There was also little else that could be accomplished during the early months of the war. The large investments in air power may not have been efficient in that their costs exceeded the value they destroyed on the German side, but there was little else to be done until a land invasion became possible. And the invasions of Normandy would likely not have occurred absent the air dominance achieved through the bombing of Germany. The air campaign also had the salutary effect of demonstrating support for the Soviets, thus keeping the Allied alliance together.
In short, the Combined Bomber Offensive played a pivotal role in assuring Allied victory, even if it was relatively inefficient. Of course, the bombing campaign did not single-handedly cripple German production or morale. However, it did eventually begin to meaningfully undermine German output, and it was also crucial in formulating an early and significant response to German aggression. Thus, while strategic bombing failed to live up to the extremely optimistic expectations of people like Mitchell and Douhet, over time it proved its worth as an integral component of Allied victory in Europe.
 Johnny R. Jones, William ‘Billy’ Mitchell’s Airpower (Maxwell AFB, AL: Airpower Research Institute, 1997), 5-7.
 Giulio Douhet, The Command of the Air, trans. Dino Ferrari (Washington D.C.: Air Force History and Museums Program, 1998), 58.
 Ibid., 53-55.
 Hans Rumpf, The Bombing of Germany, trans. Edward Fitzgerald (New York, N.Y.: Holt, Rinehart and Winston: 1963), 172.
 Phillip S. Meilinger, Bomber: The Formation and Early Years of Strategic Air Command (Maxwell AFB, AL: Air University Press, 2012), 38-41.
 Albert Speer, Inside the Third Reich (New York, N.Y.: Simon & Schuster Paperbacks, 1970), 281.
 Ibid., 286.
 Richard Overy, The Bombing War: Europe 1939-1945 (London, England: Penguin Books, 2013), 337.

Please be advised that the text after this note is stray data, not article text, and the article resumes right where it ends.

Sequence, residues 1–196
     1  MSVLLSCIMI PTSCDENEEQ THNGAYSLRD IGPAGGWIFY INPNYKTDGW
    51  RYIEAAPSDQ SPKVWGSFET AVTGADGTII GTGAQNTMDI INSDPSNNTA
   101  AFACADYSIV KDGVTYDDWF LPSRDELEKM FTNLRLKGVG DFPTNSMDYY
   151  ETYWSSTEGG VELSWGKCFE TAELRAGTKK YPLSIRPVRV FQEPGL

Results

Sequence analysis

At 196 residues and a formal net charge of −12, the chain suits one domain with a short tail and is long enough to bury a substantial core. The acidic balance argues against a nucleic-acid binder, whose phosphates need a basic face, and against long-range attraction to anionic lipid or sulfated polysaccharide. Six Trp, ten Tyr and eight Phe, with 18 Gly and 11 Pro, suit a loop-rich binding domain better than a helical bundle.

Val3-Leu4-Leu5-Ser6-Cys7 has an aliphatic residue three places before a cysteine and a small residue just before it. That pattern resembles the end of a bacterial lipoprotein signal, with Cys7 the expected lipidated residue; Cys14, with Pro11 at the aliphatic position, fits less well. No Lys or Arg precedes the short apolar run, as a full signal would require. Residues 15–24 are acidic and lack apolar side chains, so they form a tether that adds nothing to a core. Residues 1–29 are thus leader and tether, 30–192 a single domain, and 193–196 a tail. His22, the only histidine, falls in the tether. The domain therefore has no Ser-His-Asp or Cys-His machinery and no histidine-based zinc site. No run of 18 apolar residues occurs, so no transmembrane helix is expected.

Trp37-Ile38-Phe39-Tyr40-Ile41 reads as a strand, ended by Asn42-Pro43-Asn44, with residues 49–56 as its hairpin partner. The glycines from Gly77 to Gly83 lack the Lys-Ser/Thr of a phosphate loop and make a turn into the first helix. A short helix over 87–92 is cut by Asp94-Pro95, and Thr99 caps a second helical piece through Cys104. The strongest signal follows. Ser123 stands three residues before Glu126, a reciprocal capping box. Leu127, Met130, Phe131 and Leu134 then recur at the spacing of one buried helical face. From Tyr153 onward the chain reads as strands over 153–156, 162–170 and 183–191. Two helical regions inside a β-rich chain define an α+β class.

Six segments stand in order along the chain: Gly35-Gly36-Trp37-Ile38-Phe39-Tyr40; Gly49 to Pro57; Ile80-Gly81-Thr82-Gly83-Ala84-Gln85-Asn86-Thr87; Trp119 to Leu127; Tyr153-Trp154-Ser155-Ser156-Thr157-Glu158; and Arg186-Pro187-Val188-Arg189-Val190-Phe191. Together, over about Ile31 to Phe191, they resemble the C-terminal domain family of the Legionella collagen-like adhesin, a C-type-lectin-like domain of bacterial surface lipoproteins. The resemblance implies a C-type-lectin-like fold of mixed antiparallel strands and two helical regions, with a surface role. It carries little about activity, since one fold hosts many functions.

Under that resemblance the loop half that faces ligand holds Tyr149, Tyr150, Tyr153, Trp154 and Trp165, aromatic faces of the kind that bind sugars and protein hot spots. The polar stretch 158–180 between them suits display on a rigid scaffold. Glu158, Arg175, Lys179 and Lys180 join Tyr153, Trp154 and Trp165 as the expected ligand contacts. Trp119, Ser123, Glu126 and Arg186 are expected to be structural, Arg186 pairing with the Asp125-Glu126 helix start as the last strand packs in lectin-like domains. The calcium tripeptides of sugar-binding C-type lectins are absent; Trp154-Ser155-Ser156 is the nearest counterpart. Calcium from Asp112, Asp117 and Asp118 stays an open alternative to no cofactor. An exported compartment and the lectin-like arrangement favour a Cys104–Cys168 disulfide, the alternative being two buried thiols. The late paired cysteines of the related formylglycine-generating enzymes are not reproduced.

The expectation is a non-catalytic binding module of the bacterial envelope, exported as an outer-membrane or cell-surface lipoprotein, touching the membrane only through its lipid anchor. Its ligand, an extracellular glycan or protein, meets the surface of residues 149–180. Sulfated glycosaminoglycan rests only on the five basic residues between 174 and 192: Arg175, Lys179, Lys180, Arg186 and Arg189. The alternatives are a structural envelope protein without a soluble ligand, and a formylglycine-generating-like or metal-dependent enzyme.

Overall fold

Rumpf, 191.
 Victor Davis Hanson, The World Wars: How the First Global Conflict Was Fought and Won (New York, N.Y.: Basic Books, 2017), 67.
 William R. Emerson, Operation Point Blank, Lecture, USAFA Harmon Memorial Lecture, Colorado Springs, CO, 1963.
 Overy, 355.
 Overy, 358-359.
 Colin Gray, Airpower for Strategic Effect (Maxwell AFB, AL: Air University Press, 2012), 136-137.
 Stephan Glienke, “The Allied Air War and German Society,” in Bombing, States and Peoples, edited by Claudia Baldoli, Andrew Knapp, and Richard Overy, 171-184 (London, England: Continuum International Publishing Group, 2011), 191.
 Speer, 346.
 Hanson, 130.
Douhet, Giulio. The Command of the Air. Trans. Dino Ferrari. Washington D.C.: Air Force History and Museums Program, 1998.
Emerson, William R. Operation Point Blank. Lecture. USAFA Harmon Memorial Lecture, Colorado Springs, CO, 1963.
Glienke, Stephan. “The Allied Air War and German Society.” In Bombing, States and Peoples, edited by Claudia Baldoli, Andrew Knapp, and Richard Overy, 171-184. London, England: Continuum International Publishing Group, 2011.
Gray, Colin. Airpower for Strategic Effect. Maxwell AFB, AL: Air University Press, 2012.
Hanson, Victor Davis. The World Wars: How the First Global Conflict Was Fought and Won. New York, N.Y.: Basic Books, 2017.
Meilinger, Phillip S. Bomber: The Formation and Early Years of Strategic Air Command. Maxwell AFB, AL: Air University Press, 2012.
Overy, Richard. The Bombing War: Europe 1939-1945. London, England: Penguin Books, 2013.
Jones, Johnny. William ‘Billy’ Mitchell’s Airpower. Maxwell AFB, AL: Airpower Research Institute, 1997.
Rumpf, Hans. The Bombing of Germany. Trans. Edward Fitzgerald. New York, N.Y.: Holt, Rinehart and Winston: 1963.
Speer, Albert. Inside the Third Reich. New York, N.Y.: Simon & Schuster Paperbacks, 1970.